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Confederate Altered Mississippi Rifle & Saber Bayonet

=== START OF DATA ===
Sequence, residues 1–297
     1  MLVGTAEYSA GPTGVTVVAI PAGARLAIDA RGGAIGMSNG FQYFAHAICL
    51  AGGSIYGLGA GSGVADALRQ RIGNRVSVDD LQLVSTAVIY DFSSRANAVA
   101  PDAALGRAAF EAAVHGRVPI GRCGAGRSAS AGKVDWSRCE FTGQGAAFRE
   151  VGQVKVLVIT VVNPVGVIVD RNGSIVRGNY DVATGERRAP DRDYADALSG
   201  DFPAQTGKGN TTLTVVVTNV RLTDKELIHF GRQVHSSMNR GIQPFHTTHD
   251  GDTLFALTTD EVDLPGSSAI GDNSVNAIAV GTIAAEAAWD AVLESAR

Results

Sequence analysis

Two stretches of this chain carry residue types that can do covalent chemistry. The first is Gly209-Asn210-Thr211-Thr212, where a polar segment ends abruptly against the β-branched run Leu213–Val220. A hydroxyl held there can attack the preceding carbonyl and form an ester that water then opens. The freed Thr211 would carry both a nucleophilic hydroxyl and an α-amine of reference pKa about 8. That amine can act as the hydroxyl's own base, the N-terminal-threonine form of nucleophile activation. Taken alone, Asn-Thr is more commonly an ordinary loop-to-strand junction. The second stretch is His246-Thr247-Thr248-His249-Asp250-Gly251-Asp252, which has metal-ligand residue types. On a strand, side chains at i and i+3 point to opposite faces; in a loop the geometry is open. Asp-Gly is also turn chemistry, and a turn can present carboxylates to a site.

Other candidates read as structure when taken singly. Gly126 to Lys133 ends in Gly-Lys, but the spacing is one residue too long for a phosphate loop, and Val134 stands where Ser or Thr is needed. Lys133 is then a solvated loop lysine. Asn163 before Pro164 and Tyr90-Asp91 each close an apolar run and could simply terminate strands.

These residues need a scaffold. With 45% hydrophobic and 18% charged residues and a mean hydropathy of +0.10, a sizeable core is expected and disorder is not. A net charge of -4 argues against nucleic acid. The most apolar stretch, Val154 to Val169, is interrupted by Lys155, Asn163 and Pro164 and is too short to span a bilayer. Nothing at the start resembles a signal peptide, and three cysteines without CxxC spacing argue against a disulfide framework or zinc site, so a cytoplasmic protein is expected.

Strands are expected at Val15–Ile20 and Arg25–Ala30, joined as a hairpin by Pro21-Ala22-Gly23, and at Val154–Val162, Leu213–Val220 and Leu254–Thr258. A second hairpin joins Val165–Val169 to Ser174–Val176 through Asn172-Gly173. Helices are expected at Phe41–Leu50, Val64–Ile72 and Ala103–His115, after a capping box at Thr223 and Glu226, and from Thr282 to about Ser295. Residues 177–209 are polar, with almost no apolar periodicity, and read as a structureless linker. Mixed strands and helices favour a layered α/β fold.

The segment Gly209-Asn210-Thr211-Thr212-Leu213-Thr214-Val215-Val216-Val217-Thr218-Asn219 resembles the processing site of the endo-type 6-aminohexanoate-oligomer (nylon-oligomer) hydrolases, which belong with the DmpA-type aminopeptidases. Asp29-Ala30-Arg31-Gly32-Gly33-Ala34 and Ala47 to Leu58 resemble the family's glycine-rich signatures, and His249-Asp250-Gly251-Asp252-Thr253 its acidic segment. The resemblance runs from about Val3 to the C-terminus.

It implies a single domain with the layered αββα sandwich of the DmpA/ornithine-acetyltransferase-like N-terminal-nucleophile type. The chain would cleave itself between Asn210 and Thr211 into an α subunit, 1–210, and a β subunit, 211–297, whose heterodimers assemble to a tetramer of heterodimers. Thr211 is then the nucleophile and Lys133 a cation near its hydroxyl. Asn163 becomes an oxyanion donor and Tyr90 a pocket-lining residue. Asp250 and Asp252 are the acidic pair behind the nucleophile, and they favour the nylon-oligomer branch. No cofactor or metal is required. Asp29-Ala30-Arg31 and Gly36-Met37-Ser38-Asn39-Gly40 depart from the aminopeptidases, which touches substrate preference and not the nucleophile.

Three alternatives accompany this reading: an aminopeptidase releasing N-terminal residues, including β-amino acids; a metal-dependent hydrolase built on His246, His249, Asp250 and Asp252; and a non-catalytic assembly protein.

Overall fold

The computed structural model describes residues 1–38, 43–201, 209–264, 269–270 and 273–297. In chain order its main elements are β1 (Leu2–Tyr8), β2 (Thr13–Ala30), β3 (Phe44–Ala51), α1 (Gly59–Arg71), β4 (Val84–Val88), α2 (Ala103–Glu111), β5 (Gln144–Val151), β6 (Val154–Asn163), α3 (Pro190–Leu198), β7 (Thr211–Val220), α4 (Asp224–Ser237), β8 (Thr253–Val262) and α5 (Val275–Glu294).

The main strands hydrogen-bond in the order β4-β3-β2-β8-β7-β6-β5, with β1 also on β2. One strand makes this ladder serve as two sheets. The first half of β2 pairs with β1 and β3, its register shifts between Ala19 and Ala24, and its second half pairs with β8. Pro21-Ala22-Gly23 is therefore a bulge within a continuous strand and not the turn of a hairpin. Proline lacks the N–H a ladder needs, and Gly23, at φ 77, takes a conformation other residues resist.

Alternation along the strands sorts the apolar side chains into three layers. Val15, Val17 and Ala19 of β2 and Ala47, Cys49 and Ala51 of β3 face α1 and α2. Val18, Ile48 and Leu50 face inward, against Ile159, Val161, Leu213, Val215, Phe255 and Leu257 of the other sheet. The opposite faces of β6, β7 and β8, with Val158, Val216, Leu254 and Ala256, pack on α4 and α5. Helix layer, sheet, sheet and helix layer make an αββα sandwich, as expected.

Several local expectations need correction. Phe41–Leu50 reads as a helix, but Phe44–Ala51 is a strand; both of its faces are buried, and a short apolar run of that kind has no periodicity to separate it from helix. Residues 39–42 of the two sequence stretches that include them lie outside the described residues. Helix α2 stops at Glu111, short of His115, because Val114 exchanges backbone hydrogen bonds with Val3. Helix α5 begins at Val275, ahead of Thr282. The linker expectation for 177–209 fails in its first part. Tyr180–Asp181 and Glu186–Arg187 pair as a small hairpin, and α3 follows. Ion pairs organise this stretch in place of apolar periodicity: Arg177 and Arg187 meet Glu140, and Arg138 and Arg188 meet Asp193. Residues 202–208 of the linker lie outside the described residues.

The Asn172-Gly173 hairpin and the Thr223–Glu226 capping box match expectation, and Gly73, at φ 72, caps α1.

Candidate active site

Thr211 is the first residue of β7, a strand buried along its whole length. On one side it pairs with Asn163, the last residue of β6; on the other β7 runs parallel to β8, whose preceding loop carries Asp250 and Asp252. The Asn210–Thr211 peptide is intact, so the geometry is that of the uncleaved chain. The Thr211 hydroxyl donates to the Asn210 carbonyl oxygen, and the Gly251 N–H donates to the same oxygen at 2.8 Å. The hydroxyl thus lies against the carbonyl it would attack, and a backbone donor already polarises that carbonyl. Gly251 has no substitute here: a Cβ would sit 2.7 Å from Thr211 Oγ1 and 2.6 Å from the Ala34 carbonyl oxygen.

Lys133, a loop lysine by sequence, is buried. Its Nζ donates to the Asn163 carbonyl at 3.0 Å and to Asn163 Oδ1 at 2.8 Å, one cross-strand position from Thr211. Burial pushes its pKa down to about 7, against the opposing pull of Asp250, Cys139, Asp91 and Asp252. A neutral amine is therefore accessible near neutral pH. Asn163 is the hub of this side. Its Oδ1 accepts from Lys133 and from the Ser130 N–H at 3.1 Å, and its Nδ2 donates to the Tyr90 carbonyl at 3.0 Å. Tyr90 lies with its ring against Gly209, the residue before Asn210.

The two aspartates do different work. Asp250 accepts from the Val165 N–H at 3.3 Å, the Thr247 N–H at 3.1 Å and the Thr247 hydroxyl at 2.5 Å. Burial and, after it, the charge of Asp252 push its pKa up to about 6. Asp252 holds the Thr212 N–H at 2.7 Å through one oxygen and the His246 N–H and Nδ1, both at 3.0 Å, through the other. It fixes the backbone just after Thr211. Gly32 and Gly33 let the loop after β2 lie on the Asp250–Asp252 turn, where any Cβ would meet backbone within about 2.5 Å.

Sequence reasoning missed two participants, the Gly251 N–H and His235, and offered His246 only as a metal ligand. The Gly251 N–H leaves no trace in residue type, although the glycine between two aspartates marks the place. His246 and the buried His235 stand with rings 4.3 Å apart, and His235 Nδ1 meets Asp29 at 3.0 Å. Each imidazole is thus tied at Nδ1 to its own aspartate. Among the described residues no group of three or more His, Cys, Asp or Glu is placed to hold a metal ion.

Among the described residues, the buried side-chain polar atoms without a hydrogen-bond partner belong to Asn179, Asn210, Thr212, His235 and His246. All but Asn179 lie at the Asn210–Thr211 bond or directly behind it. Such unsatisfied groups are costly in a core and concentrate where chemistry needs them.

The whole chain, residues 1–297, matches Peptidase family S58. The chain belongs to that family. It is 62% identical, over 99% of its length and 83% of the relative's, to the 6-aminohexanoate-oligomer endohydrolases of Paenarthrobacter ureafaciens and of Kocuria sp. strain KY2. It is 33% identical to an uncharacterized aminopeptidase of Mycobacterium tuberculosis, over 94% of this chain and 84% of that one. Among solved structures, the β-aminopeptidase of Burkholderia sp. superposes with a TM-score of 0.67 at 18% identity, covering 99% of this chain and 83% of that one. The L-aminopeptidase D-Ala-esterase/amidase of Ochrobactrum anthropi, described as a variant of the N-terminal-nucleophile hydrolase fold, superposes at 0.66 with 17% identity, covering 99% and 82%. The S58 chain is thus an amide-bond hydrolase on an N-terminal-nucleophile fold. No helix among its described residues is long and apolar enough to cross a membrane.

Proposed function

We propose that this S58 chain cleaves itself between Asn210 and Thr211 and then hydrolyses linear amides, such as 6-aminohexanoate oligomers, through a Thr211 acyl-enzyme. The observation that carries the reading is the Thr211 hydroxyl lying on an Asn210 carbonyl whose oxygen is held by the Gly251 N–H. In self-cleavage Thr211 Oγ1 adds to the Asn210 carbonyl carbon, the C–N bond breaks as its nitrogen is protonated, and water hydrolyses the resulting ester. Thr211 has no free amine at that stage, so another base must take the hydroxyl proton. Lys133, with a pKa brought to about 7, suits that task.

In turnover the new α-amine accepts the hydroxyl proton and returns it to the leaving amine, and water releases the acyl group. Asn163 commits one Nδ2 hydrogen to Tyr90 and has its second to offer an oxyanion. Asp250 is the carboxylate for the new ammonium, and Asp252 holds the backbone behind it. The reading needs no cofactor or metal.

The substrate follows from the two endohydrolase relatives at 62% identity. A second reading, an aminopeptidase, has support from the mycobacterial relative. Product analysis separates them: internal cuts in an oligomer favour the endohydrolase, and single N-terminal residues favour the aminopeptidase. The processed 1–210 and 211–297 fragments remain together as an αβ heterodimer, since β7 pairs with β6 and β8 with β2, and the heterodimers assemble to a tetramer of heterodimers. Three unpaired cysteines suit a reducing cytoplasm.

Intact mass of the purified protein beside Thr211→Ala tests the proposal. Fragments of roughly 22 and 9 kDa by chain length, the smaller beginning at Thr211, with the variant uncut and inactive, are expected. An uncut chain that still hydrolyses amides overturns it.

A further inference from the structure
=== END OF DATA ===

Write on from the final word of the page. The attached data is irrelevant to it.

Confederate Altered Mississippi Rifle & Saber Bayonet

  • Product Code: FLA-2163-SOLD
  • Availability: Out Of Stock
  • $1.00